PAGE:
International Women’s Day (IWD) provides an opportunity to celebrate women, their achievements and their contribution to society.
IWD was first marked in the early 20th Century and was linked to the struggle of women (as a group) for equality on various aspects of their lives.
IWD is now an official holiday in several countries and it is marked on March 8th in lots of other countries around the globe.
Now, in the 21st Century Western World, we may tend to think of IWD as just an opportunity to celebrate women in a climate of total equality and fairness. However, this is not the case today as it was not 100 years ago; the reasons why will be addressed later on but briefly touching on gender and gender (in)equality is necessary before we move on.
Gender is definitely not sex!!
Gender has to do with roles, personality traits, expectations, attitudes, behaviours, values, relative power and influence that are assigned to people by society on the basis of their sex, which is biological and has to do with our reproductive organs, physiology and genetics in general.
Gender, therefore, is a cultural product – a set of ideas, values and beliefs – that makes us define people (including ourselves) and that shapes our interaction with them. Gender is relative to any given culture in which it is expressed; if we pay attention, we can certainly see subtle differences in the expressions of gender in different cultures. However, gender stereotyping, gender subordination and various degrees of gender oppression seem to be constants across cultures. The millions of women and girls from all backgrounds who are currently affected by various forms of Gender Based Violence around the world and the fact that female representation in Parliaments in most countries around the world is under 50% – with the exception of Rwanda (61.3%) and Bolivia (53.1%) – are examples of this phenomenon.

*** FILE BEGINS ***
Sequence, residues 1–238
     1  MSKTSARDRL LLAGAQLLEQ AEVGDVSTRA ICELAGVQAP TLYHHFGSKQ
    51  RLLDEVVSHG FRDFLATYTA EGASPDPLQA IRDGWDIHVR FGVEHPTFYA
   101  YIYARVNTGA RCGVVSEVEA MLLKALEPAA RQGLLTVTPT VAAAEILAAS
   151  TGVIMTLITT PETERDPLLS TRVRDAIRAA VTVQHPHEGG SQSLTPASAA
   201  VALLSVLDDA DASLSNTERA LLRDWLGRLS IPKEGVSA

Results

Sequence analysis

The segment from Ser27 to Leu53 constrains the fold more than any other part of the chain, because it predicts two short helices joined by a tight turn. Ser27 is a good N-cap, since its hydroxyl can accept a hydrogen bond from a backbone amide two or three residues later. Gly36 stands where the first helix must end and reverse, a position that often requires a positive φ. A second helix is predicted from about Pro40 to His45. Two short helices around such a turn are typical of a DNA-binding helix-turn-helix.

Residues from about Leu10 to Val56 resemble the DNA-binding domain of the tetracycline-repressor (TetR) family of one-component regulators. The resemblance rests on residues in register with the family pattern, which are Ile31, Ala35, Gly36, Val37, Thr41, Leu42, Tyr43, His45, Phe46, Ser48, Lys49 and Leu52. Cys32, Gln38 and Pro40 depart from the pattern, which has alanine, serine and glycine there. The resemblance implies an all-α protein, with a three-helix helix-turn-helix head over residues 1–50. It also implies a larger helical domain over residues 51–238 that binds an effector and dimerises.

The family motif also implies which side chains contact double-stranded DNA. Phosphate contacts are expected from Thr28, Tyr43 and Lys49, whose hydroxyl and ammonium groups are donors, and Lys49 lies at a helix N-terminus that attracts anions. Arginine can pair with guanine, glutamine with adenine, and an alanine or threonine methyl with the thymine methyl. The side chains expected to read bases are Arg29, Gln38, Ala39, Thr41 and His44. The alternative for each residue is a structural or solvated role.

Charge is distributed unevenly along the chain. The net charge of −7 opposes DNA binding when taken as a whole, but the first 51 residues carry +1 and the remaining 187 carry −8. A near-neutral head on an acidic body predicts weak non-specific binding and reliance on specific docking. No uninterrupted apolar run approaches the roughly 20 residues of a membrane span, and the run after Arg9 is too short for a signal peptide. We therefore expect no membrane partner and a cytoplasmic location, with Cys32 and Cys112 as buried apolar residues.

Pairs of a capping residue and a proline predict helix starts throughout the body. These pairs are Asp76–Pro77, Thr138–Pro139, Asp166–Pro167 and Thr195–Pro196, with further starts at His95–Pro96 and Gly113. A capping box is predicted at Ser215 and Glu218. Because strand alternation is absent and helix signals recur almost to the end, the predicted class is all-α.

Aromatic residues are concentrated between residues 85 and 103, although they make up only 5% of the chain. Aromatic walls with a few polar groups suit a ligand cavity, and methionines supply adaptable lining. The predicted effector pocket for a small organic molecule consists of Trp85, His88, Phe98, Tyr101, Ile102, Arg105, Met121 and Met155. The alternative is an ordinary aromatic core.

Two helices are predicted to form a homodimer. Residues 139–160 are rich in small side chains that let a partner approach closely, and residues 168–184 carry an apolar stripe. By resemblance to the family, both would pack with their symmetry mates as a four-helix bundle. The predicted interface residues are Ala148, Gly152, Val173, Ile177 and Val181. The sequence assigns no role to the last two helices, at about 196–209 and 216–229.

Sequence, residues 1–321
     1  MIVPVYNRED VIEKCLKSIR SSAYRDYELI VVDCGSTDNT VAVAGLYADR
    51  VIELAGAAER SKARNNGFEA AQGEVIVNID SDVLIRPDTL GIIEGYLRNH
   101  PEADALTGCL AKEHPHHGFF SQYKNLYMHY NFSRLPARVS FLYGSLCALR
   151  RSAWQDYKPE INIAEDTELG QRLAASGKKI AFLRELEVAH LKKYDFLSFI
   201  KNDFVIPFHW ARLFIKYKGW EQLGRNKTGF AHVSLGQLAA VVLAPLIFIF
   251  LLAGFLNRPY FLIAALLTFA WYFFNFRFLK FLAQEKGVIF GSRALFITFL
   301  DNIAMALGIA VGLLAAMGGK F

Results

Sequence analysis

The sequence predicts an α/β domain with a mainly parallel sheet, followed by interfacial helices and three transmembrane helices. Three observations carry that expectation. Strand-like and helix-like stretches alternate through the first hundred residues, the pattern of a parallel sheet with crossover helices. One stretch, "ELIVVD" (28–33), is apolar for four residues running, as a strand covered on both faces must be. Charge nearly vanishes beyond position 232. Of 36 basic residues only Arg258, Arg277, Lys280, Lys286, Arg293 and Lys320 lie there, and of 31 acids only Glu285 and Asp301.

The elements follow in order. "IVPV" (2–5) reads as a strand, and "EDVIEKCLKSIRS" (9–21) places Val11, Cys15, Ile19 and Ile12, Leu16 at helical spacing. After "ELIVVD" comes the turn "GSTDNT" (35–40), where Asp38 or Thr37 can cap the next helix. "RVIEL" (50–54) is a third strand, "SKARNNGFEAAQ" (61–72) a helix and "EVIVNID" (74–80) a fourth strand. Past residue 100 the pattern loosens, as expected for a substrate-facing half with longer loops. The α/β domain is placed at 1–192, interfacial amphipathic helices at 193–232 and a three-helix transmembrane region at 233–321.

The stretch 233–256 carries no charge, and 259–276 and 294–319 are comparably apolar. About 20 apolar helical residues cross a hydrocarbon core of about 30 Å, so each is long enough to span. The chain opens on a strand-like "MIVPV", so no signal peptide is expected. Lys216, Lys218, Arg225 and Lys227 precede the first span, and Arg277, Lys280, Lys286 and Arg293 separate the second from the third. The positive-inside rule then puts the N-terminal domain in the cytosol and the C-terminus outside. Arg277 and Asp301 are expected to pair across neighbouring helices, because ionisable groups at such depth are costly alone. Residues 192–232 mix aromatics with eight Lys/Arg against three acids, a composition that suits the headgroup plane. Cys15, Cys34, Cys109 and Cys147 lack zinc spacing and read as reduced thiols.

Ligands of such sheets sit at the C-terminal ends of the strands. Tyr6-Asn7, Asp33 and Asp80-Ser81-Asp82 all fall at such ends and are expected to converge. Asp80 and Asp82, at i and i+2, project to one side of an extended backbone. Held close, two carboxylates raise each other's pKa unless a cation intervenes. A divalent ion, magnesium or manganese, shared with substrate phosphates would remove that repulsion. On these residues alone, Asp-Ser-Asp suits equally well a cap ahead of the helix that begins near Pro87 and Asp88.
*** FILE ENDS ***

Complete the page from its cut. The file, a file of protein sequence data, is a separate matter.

Another crucial aspect to bear in mind about gender is that it is ‘learned’ from very early in our lives and it becomes part of who we are; we live and perform gender every moment; we constantly play by its rules. We start acquiring our gender at a very early age through exposure to the culture and people (performing their genders) around us. For example, since birth or even before, we are given a name, clothes, and toys in line with our assigned / perceived gender, our bedrooms are decorated accordingly, etc. By the age of 3 we already know whether we are ‘a boy’ or ‘a girl’ and by the age of 7 or 8 the gender stereotype is completely fixed in our brains; then the performance of our gender becomes a 24/7 activity.
What is interesting about gender is that despite us being in contact with it and it being around us all the time , it is somehow (as a notion) invisible to us due to its perceived ‘taken-for-grantedness’ and ‘naturalness’. In this respect we could compare gender to gravity which keeps us attached to the ground 24/7 but we do not necessarily think about it once throughout our day. In other words, gender works like a force that constantly shapes our thinking, decisions and actions but we very rarely or never question its workings.